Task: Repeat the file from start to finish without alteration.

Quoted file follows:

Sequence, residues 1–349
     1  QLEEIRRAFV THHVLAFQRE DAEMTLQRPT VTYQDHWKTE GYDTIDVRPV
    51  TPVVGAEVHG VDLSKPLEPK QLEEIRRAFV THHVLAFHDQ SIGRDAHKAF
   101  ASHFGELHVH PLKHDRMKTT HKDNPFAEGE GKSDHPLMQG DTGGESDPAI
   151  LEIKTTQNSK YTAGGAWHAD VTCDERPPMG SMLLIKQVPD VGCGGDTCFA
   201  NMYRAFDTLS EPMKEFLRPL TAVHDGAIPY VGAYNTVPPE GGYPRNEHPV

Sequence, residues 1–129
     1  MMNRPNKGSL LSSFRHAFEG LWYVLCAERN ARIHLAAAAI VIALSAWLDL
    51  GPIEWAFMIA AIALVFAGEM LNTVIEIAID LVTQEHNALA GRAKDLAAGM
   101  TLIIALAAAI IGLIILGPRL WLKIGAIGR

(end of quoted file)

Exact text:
Sequence, residues 1–349
     1  QLEEIRRAFV THHVLAFQRE DAEMTLQRPT VTYQDHWKTE GYDTIDVRPV
    51  TPVVGAEVHG VDLSKPLEPK QLEEIRRAFV THHVLAFHDQ SIGRDAHKAF
   101  ASHFGELHVH PLKHDRMKTT HKDNPFAEGE GKSDHPLMQG DTGGESDPAI
   151  LEIKTTQNSK YTAGGAWHAD VTCDERPPMG SMLLIKQVPD VGCGGDTCFA
   201  NMYRAFDTLS EPMKEFLRPL TAVHDGAIPY VGAYNTVPPE GGYPRNEHPV

Sequence, residues 1–129
     1  MMNRPNKGSL LSSFRHAFEG LWYVLCAERN ARIHLAAAAI VIALSAWLDL
    51  GPIEWAFMIA AIALVFAGEM LNTVIEIAID LVTQEHNALA GRAKDLAAGM
   101  TLIIALAAAI IGLIILGPRL WLKIGAIGR